Thursday, July 31, 2008

Miss Manners on Sharing Sustenance

This comes from the The Lambeth Witness, the daily newspaper of the inclusive church crowd at the decennial meeting of the worldwide Anglican Communion. I agree with Katie Sherrod that Miss Manners' column from Wednesday applies to the situation we find ourselves in, but also to all people of faith and goodwill when confronted with those who might be inclined to draw lines between those who are "in" and those who are "out."

Miss Manners’ unintentional analysis of the WCG proposal
by Katie Sherrod (Integrity USA)

The Windsor Continuation Group is floating a proposal whereby a Pastoral Forum would have the authority to impose a diminished status or “diluted representation” on a naughty province. The following column by etiquette columnist Miss Manners seemed an amazingly apt analysis of this proposal. “Party Hosts Who Pick Favorites” ran in the Wednesday, July 30, 2008 issue of the Washington Post.

Question: Dear Miss Manners - Unfortunately, I think I may have discovered a phenomenon that is even tackier than cash bars at wedding receptions. Apparently, some restaurants have begun offering a service called a "half-open bar" to customers who wish to hold private parties. This means that the hosts are allowed to select a set number of "VIP" guests, designated with visible wristbands, who are allowed unlimited free drinks. The rest of the guests must pay for their beverages. I'm not necessarily faulting the businesses that have made this service an option; they are hardly forcing anybody to participate. I am, however, trying hard to quash my uncharitable feelings about the hosts who would employ such a service. As for how this sort of thing reflects on the culture as a whole, I am completely at a loss for words. You, however, rarely are. Thoughts? Can civilization put the kibosh on this nonsense? Are we too far gone?

Answer: Although she is not quite ready to give up on civilization, Miss Manners admits that what has happened to hospitality is an evil portent. In secular society, as in many religions, the willingness to share sustenance freely, even if one has little, is a test. Those who turn others away are in trouble, even if the visitor does not turn out to be a deity in disguise. However, Miss Manners does admire the modern efficiency. What you bring to her attention is a method of insulting guests by making them pay to be entertained, while at the same time making it clear that the insult is personal rather than general.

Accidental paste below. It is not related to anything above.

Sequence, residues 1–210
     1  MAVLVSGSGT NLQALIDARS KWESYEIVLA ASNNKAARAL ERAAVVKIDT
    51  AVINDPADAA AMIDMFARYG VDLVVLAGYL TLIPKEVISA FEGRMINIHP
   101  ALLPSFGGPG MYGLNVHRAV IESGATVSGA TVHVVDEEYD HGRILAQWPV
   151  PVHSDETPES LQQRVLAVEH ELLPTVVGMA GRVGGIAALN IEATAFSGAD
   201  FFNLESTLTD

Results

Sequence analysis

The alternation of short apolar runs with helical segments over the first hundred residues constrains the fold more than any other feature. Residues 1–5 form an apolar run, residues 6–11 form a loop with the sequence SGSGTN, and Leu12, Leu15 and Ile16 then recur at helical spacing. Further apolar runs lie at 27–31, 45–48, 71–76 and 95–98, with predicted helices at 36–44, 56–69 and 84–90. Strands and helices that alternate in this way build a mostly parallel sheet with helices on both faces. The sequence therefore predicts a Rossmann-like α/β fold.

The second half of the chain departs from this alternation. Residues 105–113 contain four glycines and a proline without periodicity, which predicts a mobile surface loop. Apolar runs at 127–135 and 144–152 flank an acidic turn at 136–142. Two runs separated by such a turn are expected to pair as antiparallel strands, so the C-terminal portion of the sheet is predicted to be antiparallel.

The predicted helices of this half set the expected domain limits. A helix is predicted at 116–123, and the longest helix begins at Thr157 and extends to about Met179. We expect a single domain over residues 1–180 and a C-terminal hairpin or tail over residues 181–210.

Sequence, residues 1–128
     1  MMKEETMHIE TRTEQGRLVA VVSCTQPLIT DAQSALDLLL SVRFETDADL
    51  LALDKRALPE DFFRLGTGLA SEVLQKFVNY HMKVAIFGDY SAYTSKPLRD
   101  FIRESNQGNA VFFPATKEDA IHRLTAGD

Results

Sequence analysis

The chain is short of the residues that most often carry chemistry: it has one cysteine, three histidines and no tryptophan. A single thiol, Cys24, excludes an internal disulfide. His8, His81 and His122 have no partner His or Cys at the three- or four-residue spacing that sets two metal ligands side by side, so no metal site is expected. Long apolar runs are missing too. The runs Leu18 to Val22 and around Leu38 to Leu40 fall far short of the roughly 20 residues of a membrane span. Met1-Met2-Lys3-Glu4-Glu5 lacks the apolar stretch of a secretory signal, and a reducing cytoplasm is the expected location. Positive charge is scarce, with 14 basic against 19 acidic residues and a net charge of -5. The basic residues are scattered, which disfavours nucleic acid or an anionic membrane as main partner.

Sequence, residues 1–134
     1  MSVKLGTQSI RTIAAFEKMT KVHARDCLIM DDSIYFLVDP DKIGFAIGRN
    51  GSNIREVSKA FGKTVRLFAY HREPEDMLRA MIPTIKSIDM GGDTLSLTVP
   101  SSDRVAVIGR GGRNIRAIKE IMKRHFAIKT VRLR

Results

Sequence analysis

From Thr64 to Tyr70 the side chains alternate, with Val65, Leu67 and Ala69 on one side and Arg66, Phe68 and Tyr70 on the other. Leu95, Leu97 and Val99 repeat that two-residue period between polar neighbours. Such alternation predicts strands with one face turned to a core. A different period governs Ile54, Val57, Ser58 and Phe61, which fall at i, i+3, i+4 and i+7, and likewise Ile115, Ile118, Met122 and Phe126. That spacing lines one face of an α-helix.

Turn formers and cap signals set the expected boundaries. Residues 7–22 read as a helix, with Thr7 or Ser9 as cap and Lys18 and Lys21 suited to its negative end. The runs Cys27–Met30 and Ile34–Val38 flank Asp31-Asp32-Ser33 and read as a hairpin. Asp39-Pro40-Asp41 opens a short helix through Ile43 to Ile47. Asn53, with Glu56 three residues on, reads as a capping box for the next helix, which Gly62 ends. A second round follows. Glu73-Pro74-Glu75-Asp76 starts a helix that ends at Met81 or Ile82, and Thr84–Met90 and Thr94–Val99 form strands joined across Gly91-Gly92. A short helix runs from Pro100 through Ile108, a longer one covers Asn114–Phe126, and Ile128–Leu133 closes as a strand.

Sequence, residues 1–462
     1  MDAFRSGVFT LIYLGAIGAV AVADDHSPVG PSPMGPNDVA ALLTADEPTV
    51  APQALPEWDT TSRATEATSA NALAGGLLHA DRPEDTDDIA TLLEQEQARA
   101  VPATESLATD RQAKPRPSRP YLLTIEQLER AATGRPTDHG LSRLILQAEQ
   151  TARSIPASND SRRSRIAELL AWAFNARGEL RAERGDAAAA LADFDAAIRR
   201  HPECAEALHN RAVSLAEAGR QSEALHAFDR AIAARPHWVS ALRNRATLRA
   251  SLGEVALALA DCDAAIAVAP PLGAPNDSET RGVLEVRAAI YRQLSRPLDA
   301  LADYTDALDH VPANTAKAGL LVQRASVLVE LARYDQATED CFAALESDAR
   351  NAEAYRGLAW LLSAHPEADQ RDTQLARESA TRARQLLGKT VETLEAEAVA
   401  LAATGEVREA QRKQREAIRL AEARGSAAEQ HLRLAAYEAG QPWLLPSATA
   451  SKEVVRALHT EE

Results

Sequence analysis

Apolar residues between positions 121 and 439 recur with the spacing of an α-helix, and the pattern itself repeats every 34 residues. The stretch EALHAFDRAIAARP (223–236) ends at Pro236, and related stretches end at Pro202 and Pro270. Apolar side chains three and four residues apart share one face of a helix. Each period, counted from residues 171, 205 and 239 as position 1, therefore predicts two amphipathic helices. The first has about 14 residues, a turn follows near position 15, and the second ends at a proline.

Tuesday, July 29, 2008

Bishops' Camp

Today's Episcopal Life update is particularly interesting. I especially like this paragraph:

Fire alarm routs bishops in middle of the night
Monday evening's thunderstorm touched off a false alarm about 1:00 a.m. at Beckett Hall on the University of Kent campus, a guest reported. Bishops, spouses and all other guests temporarily residing at the hall had no choice but to wake up, respond, and stand outside in their nighties until the all-clear was called about 15 minutes later.

Can't you just imagine all those bishop's and spouses lumbering out of bed and down the stairs and elevators to stand outside, bleary eyed, and slowly beginning to comment on each other's pajamas and laughing about the absurdity of the event?! It's summer camp for bishops!!!

Now if they could just have a big pillow fight to work out their frustrations! Maybe some camp wide pranks like removing all the furniture from another bishop's room, or changing all the signs on the meeting rooms, would break through the tension and help them take themselves and one another a little less seriously!

Monday, July 28, 2008

More about the March

Bishop Marc Andrus of California has a great video on his blog of bishops and ecumenical participants explaining why they were participating in, or why they thought is was important to participate in the march last week supporting the Millennium Development Goals.

The video includes my former bishop, Wayne Wright of Delaware, and the bishop of Delaware's companion diocese Argyll and the Isles, Martin Smith. I got to meet Martin at my former congregation when at the end of a very long day he celebrated Eucharist for our campus ministry group. At the time of the sermon, he sat on the floor in front of the altar where we were all gathered and invited us into a conversation about the day's reading. I don't remember the conversation, but I do remember how down to earth - literally - the bishop was and how open to dialogue! In this video he says that the march is going to help him re-examine his own lifestyle. It is a humble answer and a good place for us all to start.

080727_MDG_March_final from

Thursday, July 24, 2008

Join the Bishops' March to End Poverty

Today the Anglican bishops who have gathered for the Lambeth Conference, marched in London to Parliament to raise awareness and seek commitment to the effort to end extreme poverty in the world. The Millennium Development Goals have been a rallying point for this work, but as Anglican Observer to the United Nations, Hellen Wangusa said, the Church has been present all along working for this goal.

British Prime Minister Gordon Brown spoke compellingly of the need for political will to make this happen. Read the whole story here. And then join the bishops in a virtual march by contacting your congressional representatives here.

Someone said that the United States is generous in its foreign aid. That simply isn't true. We give a fraction of a percent of our national budget to foreign aid. Increasing that aid by the tiniest amount, maybe to a whole one percent of the national budget, could have a significant impact on people's lives. It could also make for a safer and more stable world.

Perhaps we could also address the issues of poverty in our own country. As Gordon Brown said, we have the science, medicine and technology to do it - to address poverty both in the U.S. and in the world, I would contend - all we lack is the will to do so.